The Wilhelmshaven World War II bombings by the Allies of World War II destroyed two thirds of the port's buildings. From spring 1943 until November 1943 slave labourers of the SS-Baubrigade II from the Neuengamme camp were transferred to Wilhelmshaven to clear up after air raids.
|September 4, 1939||Unsuccessful RAF bombing of Wilhelmshaven|
|December 18, 1939||Battle of the Heligoland Bight. The first combat success of radar used a German "experimental Freya radar" to detect unescorted RAF bombers approaching the German Bight en route to Wilhelmshaven. As the bombers approached their targets, they were ordered not to attack so as to avoid civilian casualties. German fighters inflicted heavy casualties on them as they headed home.|
|December 28/29, 1941||217 RAF sorties bombed (Wilhelmshaven, Hüls, and Emden were the main targets).|
|January 27, 1943||The first World War II US mission flown against the German homeland bombed warehouses and industrial plants at Wilhelmshaven. This, the first USAAF daylight bombing raid over Germany, was flown by elements of the 369th Bomber Squadron (H) of the 306th Bomber Group (H).|
|February 26, 1943||On a Wilhelmshaven bombing mission, footage for the documentary film Memphis Belle: A Story of a Flying Fortress was filmed from the B-17 Flying Fortress Jersey Bounce.|
|June 11, 1943||VIII Bomber Command Mission Number 62: 252 B-17's are dispatched against the U-boat yard at Wilhelmshaven and the Cuxhaven port area. The raid on Wilhelmshaven demonstrated the difficulty of operating beyond range of fighters escort as enemy fighters attacks prevent accurate bombing of the target.|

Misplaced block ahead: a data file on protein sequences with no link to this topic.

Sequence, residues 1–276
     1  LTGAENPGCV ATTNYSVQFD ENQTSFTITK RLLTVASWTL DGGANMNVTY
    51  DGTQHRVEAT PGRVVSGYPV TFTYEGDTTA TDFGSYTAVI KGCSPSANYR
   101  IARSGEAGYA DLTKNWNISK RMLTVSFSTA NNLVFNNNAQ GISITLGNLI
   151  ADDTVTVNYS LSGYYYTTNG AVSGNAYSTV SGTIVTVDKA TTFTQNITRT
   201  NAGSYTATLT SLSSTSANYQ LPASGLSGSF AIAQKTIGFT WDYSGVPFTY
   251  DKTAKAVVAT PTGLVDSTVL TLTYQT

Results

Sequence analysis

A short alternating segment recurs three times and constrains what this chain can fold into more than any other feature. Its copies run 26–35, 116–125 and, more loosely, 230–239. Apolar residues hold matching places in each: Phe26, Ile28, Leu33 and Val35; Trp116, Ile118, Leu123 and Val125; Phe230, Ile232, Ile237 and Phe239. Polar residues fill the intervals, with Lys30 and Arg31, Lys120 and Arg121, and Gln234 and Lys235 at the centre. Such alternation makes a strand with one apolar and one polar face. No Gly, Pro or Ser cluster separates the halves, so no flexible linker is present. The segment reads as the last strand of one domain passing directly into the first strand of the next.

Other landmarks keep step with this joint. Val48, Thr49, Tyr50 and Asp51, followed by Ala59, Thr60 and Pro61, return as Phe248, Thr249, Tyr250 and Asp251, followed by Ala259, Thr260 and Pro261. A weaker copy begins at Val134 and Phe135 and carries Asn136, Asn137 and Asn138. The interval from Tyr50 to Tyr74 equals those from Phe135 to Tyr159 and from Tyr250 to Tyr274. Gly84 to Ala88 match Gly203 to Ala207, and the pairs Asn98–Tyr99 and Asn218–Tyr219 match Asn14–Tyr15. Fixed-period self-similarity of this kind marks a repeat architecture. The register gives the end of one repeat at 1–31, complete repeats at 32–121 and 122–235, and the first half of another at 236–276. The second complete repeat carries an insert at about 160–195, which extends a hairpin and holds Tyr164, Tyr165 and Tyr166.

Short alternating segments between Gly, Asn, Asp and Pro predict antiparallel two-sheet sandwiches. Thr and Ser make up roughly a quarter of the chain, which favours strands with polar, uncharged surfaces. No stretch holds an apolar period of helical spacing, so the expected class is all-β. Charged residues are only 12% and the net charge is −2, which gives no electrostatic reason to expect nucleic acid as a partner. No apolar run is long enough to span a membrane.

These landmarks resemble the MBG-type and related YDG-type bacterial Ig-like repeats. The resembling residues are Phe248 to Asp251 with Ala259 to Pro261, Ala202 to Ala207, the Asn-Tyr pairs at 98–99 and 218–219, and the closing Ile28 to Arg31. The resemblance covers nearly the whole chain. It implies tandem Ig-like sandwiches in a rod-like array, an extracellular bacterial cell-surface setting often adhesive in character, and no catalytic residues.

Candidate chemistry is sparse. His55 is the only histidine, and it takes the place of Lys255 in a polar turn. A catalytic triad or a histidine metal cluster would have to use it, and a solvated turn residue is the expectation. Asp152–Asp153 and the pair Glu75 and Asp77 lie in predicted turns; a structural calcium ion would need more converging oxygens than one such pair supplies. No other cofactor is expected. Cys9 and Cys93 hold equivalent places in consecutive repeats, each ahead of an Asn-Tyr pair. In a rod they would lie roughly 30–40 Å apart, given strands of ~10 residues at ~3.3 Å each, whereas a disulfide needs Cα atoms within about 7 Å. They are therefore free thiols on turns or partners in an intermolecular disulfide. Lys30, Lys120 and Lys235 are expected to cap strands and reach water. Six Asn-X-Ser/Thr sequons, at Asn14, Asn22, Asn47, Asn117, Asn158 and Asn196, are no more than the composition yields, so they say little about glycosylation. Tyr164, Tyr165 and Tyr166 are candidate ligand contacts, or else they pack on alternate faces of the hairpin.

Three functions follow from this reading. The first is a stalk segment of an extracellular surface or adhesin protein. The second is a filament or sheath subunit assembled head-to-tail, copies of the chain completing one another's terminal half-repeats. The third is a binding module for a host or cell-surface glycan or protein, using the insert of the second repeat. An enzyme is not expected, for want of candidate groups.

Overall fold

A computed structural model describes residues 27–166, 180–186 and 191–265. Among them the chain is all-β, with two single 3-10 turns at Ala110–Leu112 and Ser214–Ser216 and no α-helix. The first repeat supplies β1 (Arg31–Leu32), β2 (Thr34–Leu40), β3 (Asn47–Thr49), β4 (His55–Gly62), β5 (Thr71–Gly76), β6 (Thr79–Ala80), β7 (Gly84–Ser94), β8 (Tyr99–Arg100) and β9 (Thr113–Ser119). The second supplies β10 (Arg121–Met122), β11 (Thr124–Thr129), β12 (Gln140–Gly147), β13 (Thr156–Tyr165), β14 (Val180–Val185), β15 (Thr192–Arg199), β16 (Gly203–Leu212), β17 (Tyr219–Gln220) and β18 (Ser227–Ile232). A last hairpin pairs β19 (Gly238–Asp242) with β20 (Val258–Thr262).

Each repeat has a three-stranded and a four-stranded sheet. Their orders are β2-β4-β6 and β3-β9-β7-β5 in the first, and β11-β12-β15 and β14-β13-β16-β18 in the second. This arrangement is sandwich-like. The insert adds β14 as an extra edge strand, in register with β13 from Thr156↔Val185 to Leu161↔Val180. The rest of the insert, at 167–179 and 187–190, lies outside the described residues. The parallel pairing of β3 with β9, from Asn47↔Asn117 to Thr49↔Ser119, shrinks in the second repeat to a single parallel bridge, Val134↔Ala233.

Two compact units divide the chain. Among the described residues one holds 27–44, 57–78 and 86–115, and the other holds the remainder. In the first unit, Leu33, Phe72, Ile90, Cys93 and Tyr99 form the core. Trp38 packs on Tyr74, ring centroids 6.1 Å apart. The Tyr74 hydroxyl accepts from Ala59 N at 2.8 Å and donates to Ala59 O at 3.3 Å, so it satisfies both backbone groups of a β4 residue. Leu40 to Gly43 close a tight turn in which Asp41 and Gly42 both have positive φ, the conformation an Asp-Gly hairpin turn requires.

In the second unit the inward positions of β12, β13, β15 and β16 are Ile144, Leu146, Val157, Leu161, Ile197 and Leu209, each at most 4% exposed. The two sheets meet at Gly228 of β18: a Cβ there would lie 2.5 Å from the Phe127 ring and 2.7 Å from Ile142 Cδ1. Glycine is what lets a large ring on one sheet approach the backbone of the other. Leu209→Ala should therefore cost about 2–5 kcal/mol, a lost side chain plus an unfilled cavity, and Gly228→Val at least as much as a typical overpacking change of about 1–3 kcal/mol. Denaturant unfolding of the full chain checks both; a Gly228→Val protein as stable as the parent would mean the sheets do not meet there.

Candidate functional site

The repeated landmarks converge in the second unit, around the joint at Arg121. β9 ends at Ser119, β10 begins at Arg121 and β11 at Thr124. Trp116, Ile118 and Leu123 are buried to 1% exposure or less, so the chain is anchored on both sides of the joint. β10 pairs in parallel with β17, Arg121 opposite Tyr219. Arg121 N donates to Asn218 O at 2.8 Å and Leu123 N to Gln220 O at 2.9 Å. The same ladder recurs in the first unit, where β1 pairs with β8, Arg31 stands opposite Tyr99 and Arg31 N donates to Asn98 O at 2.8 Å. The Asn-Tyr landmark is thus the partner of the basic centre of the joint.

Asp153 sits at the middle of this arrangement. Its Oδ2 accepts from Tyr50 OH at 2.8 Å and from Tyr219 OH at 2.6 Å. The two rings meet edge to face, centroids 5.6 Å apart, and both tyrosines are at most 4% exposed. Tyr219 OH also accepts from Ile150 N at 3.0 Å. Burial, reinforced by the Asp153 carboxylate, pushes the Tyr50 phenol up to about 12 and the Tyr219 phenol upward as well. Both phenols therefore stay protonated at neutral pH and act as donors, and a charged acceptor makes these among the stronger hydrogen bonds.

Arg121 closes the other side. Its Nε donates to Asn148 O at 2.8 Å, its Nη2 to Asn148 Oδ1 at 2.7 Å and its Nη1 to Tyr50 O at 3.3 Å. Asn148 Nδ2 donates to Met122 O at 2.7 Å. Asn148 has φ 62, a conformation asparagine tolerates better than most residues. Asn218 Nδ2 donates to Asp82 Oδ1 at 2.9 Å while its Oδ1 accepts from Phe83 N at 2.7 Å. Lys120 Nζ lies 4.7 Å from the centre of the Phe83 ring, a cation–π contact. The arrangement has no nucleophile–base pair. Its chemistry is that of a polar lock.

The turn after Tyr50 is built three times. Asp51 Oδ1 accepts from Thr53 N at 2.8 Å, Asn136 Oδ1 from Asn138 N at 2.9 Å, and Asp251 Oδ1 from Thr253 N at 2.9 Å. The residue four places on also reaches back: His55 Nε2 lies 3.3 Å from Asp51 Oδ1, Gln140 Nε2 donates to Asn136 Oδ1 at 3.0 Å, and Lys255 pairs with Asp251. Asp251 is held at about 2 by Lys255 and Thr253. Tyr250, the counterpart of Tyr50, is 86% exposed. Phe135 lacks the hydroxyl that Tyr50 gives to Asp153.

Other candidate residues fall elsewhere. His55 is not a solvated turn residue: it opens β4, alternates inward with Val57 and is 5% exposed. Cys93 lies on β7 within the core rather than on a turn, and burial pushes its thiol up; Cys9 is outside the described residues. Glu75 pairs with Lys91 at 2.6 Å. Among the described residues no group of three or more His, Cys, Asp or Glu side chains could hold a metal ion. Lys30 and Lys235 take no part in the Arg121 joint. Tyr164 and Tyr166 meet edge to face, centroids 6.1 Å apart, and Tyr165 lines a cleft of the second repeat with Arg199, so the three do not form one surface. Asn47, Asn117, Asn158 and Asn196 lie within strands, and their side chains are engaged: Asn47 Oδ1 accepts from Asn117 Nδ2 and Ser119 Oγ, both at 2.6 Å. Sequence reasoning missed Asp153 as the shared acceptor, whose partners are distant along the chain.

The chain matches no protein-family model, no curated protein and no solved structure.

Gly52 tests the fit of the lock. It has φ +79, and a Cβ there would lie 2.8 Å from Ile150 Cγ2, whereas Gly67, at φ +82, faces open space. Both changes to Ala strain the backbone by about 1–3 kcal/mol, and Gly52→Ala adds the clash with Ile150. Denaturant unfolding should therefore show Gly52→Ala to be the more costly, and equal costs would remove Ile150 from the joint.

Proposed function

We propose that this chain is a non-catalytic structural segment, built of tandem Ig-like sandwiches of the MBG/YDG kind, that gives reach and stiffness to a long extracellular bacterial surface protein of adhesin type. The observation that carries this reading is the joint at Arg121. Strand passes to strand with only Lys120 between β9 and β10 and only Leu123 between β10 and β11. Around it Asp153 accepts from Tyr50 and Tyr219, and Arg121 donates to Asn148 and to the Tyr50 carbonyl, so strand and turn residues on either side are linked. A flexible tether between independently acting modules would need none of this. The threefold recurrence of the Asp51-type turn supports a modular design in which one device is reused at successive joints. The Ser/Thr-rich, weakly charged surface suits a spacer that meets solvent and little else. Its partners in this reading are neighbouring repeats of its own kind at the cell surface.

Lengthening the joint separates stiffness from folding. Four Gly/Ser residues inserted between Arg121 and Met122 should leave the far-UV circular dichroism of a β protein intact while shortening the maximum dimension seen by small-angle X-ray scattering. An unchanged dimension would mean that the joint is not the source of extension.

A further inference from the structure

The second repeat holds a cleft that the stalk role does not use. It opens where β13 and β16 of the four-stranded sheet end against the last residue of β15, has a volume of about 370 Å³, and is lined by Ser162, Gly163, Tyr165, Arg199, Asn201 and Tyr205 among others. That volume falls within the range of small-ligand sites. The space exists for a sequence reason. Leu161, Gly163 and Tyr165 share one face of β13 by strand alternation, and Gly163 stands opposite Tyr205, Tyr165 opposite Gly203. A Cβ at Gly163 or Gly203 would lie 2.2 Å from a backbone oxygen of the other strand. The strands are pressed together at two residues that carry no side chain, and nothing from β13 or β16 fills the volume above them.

|November 3, 1943||The 384th Bombardment Group attacked the Wilhelmshaven harbour.|
|February 3, 1944||The 384th Bombardment Group attacked the Wilhelmshaven port area.|
|February 27/28, 1945||Mission 851: 23 of 26 B-24s bombed Wilhelmshaven oil storage using a Pathfinder Force (PFF).|
- List of working locations SS-Baubrigade II by the Memorial Neuengamme
- Galland, Adolf (1968 Ninth Printing - paperbound) . The First and the Last: The Rise and Fall of the German Fighter Forces, 1938-1945. New York: Ballantine Books. pp. 20,105.
- "Campaign Diary". Royal Air Force Bomber Command 60th Anniversary. UK Crown. http://www.raf.mod.uk/bombercommand/diary1941_3.html. Retrieved 2009-03-19.
- Lang, Walt (1998) . United States Military Almanac. London: Salamander Books Ltd.. p. 102. ISBN 0-517-16092-7.
- McKillop, Jack. "8th Air Force 1944 Chronicles". http://www.airwarweb.net/usaaf/8af_1944.php. Retrieved 2007-05-25. October, December, January, February[dead link]
|This page uses Creative Commons Licensed content from Wikipedia (view authors).|